Opinion » Note

Rededicate Your Money Where Your Mouth Is


On Jan. 16, Gov. C.L. "Butch" Otter spoke at the Capitol, saying: "Now therefore I, C.L. 'Butch' Otter, governor of the state of Idaho, do hereby proclaim Jan. 16, 2012, to be Martin Luther King Jr. Human Rights Day in Idaho. And I encourage Idahoans to rededicate themselves to the principles of respect for human rights and freedom of belief in nonviolence and commitment to serving the state and nation through community service and volunteerism."

Agreed, governor. Agreed. Let's rededicate ourselves to the principles of respect for human rights and to the freedom we have to express our beliefs in a nonviolent manner. Let's do exactly that. And since such lofty language is great in theory but lacking in specifics when it comes to practice, allow me to suggest a very specific way in which you can show a renewed dedication to respect for human rights. My suggestion to you, governor, is that you take this opportunity to flex some of that political muscle you've spent years in office bulking up to urge Idaho lawmakers to add the words "sexual identity" and "gender orientation" to the Idaho Human Rights Act.

In this week's edition is a story about a human-rights campaign happening right here, right now in Idaho. Add the Words is a call to action for Idaho's elected representatives to once and for all add human rights protections to a class of Idaho citizens currently denied them under the Idaho Human Rights Act: the state's LGBT citizens.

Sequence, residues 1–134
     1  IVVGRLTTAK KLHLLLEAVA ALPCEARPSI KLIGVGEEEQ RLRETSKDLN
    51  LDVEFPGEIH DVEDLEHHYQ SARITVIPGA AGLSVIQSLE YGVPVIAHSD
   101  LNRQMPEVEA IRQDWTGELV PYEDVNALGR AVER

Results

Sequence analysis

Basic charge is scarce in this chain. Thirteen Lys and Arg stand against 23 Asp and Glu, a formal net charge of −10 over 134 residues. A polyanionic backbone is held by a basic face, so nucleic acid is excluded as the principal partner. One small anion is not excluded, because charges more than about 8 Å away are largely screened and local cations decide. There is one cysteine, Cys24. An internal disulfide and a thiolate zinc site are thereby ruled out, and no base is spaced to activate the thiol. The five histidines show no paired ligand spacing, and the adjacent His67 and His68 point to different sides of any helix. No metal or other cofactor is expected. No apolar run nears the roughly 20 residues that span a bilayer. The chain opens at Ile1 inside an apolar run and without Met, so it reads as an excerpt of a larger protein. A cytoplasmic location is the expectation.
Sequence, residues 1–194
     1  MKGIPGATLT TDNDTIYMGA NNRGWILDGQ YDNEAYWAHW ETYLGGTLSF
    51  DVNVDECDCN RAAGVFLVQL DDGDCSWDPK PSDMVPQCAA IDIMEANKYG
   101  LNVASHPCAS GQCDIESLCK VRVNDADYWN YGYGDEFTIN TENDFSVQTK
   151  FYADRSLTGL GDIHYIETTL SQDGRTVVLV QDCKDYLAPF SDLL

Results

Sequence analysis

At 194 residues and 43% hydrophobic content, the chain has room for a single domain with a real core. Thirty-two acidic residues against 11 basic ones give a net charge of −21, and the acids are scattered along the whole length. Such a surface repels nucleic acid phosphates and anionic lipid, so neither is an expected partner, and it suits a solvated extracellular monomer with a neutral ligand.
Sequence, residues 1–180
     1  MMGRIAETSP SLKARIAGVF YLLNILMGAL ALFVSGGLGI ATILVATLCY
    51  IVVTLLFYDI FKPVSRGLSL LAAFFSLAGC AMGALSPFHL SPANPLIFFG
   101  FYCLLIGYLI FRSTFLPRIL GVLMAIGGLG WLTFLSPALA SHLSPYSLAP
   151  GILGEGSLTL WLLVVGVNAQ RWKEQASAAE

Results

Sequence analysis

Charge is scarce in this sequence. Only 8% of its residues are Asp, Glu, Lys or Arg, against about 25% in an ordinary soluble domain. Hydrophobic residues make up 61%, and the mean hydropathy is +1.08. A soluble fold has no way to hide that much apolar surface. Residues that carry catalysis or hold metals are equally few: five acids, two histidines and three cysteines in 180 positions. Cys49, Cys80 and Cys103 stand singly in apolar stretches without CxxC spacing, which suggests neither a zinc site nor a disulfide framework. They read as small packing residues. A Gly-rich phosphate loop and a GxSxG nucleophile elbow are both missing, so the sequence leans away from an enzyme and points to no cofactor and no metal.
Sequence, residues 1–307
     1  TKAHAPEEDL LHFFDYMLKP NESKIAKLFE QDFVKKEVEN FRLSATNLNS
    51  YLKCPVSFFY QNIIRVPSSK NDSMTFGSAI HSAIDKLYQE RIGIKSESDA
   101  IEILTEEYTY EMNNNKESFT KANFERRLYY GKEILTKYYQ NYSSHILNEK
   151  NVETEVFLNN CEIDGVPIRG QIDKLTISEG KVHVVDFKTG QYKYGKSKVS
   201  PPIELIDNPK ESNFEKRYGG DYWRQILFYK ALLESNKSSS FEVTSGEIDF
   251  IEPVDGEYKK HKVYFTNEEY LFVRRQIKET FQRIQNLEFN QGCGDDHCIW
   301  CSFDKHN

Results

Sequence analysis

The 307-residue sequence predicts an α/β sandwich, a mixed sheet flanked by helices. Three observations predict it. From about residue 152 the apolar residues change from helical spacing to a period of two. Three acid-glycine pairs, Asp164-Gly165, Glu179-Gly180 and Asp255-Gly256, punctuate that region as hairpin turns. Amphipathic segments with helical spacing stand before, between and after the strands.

Idaho lawmakers don't believe it's acceptable to deny education to someone because he or she is Jewish or Catholic or Muslim. Idaho lawmakers don't believe a disabled Idahoan should be denied the right to housing based on his or her disability. They don't believe that skin color or age should be cause for discrimination in the workplace. Nor do most of them see the irony of endorsing a human rights act that declares "all people within the state are treated with dignity and respect" while they blatantly and intentionally ignore the words "all people," to continue excluding thousands of LGBT Idahoans.